European Tourism Manifesto Launches #Tourism4Recovery and Publishes Report to Guide Tourism Lawmakers

The European Tourism Manifesto Alliance has now launched a new initiative to urge European policy makers to re-open their borders, and by extension the tourism industry in the EU, according to an announcement published by the European Travel Commission (ETC).

The new initiative is called #Tourism4Recovery. The purpose of the hashtag and the campaign is to raise awareness of the devastating impact that governments’ responses to COVID-19 have had on the travel and tourism industry, both in Europe and globally.

The Tourism Manifesto states clearly that the Recovery and Resilience Facility implemented by the EU is a “once-in-a-generation opportunity” to reset and rebuild the European travel industry into a more “sustainable, inclusive, resilient, and innovative” industry.

Along with the #Tourism4Recovery initiative, the Tourism Manifesto has also published specific recommendations on how to use the hashtag and frame the movement in order to apply the proper pressure on lawmakers.

At the same time, the Tourism Manifesto recently published a report outlining why policy makers should re-open their borders and allow the tourism industry to operate, as well as specific recommendations for them in order to help them find viable solutions.

According to the report, the reasons why governments should reform their policy for tourism and travel include:

  • Until March 2020, the travel and tourism sector was healthy and expanding, experiencing steady growth for more than 60 years.
  • In the EU, the sector accounts for 9.5% of Gross Domestic Product (GDP), employs more than 22.6 million people, and has a direct impact on the transport, retail, and agro-food industries, as well as the larger economy as a whole.
  • Every €1 generated by the industry produces 56 cents of added value indirectly on other industries.
  • Europe is the top global travel destination and represents more than half of the global tourism market share.
  • It is estimated that cultural tourism accounts for 40% of all European tourism.
  • Europe is a mature business travel market and is one of the top business travel markets in the world. This has a spill-over effect into other industries as well.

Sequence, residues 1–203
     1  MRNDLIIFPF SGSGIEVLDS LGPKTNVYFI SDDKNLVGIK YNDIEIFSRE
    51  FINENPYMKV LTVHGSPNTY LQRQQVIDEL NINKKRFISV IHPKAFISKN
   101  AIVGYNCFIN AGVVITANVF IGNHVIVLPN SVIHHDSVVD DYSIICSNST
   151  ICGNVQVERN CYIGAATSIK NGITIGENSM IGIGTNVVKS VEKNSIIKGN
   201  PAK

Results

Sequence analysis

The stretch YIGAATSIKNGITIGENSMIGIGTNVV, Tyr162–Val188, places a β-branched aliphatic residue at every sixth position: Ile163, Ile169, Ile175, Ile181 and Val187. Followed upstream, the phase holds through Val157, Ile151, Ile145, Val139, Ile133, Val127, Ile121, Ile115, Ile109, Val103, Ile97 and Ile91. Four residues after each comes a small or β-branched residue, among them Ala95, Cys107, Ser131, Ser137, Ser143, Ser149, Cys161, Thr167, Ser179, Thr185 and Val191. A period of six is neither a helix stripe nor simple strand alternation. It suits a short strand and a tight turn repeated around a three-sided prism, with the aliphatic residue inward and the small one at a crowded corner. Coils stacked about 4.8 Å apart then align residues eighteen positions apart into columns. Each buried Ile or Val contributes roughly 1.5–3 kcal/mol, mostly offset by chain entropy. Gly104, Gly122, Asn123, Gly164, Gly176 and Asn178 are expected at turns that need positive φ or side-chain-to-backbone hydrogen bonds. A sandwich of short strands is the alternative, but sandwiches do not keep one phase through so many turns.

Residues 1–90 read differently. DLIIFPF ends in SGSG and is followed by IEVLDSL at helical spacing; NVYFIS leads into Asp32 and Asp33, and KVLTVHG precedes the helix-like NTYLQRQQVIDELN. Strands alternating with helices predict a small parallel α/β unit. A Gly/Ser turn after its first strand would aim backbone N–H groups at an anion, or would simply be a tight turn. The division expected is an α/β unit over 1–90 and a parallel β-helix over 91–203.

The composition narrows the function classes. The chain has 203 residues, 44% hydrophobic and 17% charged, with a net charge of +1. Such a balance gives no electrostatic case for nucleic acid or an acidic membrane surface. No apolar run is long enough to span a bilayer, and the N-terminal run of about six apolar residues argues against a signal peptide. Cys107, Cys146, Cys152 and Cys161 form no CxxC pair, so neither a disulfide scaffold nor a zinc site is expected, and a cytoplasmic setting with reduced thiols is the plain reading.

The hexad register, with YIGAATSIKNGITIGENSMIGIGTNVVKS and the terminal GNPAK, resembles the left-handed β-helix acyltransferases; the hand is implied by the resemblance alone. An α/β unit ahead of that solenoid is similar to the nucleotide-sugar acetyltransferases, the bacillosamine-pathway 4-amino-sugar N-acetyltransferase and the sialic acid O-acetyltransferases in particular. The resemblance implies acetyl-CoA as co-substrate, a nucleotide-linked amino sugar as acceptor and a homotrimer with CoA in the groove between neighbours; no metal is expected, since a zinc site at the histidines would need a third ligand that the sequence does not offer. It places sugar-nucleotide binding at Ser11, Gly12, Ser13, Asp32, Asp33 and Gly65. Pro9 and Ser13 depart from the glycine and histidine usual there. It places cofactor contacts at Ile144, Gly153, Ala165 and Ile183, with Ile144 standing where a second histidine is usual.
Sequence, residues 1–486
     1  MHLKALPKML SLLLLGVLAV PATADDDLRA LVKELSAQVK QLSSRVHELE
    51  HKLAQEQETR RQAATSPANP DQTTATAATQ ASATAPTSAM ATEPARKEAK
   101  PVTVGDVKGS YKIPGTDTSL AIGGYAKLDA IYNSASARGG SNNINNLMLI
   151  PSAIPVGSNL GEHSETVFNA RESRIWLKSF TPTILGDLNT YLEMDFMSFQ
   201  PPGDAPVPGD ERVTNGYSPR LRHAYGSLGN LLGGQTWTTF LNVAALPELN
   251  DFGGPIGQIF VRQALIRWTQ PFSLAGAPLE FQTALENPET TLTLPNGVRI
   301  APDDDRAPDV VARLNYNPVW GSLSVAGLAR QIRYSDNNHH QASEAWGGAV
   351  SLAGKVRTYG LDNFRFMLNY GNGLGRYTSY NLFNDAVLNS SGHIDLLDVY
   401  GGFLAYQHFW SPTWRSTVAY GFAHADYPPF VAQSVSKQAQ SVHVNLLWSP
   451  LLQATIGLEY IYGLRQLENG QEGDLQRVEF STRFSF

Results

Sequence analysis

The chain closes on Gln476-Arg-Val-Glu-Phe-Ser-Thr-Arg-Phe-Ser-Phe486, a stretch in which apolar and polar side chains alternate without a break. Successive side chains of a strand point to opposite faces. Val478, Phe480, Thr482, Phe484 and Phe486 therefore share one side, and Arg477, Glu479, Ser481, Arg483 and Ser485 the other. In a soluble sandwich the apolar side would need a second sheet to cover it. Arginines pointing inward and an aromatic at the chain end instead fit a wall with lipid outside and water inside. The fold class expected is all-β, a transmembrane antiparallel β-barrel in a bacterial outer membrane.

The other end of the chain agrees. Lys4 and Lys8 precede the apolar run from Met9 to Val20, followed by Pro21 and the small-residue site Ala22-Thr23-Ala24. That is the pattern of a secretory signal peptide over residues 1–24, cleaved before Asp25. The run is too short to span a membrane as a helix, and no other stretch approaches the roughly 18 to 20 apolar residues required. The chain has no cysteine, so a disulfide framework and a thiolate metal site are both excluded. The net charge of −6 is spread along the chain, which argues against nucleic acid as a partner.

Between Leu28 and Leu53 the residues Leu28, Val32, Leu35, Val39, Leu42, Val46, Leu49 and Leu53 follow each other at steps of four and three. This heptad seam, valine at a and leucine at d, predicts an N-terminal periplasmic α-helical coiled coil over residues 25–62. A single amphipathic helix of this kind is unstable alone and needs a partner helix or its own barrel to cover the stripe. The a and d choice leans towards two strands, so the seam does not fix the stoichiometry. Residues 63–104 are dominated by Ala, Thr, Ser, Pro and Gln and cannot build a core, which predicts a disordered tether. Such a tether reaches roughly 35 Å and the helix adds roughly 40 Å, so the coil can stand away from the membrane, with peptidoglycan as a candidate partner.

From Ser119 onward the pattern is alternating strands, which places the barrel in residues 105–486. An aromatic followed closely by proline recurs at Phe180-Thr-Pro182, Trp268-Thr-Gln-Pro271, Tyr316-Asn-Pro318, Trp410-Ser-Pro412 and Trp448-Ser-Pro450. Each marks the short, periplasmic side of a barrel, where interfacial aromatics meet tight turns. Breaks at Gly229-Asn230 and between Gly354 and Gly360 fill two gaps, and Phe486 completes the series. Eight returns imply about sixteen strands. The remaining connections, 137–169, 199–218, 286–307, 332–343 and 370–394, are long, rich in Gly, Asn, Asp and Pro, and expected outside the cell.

• Europe has more exhibitions than any other region, with most trade fairs being held in one or more European country.  

The Tourism Manifesto’s report also outlines several areas of investment that will be key in achieving Europe’s long-term goals for travel and tourism:

  1. Power Up: Investing making tourism destinations more environmentally sustainable and less wasteful.
  2. Renovate: Supporting the smart management of social, cultural, environmental, and economic impacts of tourism, as well as ensuring that it is a sustainable source of prosperity, creativity, and social innovation.
  3. Recharge and Refuel: Accelerating the use of smart, sustainable, accessible, and multimodal transport by promoting future green technologies.
  4. Connect: Making the rollout of high-speed broadband to all areas, households, and businesses possible, including 5G networks.
  5. Modernize: Using digital tools to empower public authorities, destinations, and SMEs across the travel and tourism sector.
  6. Scale-Up: Develop and implement a tourism data strategy that will enable public authorities to gather and access reliable data for adequate and sustainable tourism management.

The Tourism Manifesto’s report also highlights many policy reforms, including promoting public and private partnerships, encouraging the development of year-round tourism, encouraging geographically diversified tourism, and implementing the basic principles of the Barcelona Declaration on Tourism and Cultural Heritage. Both the ETC and the European Tourism Manifesto are organizations that work closely together to advocate to governments for businesses and individuals that depend on the travel and tourism industry. These are the leading two organizations of their nature in Europe.

Related information